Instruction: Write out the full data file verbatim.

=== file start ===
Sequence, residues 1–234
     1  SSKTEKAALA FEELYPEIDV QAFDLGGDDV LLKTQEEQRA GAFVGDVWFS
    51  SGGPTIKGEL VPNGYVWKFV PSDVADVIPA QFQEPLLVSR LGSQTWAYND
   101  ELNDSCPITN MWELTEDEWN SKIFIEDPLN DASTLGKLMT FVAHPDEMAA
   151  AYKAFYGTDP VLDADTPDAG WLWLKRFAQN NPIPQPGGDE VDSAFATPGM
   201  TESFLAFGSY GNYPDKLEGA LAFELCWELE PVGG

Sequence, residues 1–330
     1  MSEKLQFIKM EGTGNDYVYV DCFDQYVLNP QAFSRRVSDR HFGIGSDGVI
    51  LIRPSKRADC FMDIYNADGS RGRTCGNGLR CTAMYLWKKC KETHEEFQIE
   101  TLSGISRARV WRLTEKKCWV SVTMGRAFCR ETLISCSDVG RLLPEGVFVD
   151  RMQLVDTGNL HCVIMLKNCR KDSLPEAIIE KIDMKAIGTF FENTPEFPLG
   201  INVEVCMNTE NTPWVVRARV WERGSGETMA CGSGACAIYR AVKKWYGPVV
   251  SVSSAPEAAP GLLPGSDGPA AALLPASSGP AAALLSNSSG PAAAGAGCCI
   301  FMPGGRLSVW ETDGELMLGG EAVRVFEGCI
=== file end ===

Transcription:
Sequence, residues 1–234
     1  SSKTEKAALA FEELYPEIDV QAFDLGGDDV LLKTQEEQRA GAFVGDVWFS
    51  SGGPTIKGEL VPNGYVWKFV PSDVADVIPA QFQEPLLVSR LGSQTWAYND
   101  ELNDSCPITN MWELTEDEWN SKIFIEDPLN DASTLGKLMT FVAHPDEMAA
   151  AYKAFYGTDP VLDADTPDAG WLWLKRFAQN NPIPQPGGDE VDSAFATPGM
   201  TESFLAFGSY GNYPDKLEGA LAFELCWELE PVGG

Sequence, residues 1–330
     1  MSEKLQFIKM EGTGNDYVYV DCFDQYVLNP QAFSRRVSDR HFGIGSDGVI
    51  LIRPSKRADC FMDIYNADGS RGRTCGNGLR CTAMYLWKKC KETHEEFQIE
   101  TLSGISRARV WRLTEKKCWV SVTMGRAFCR ETLISCSDVG RLLPEGVFVD
   151  RMQLVDTGNL HCVIMLKNCR KDSLPEAIIE KIDMKAIGTF FENTPEFPLG
   201  INVEVCMNTE NTPWVVRARV WERGSGETMA CGSGACAIYR AVKKWYGPVV
   251  SVSSAPEAAP GLLPGSDGPA AALLPASSGP AAALLSNSSG PAAAGAGCCI
   301  FMPGGRLSVW ETDGELMLGG EAVRVFEGCI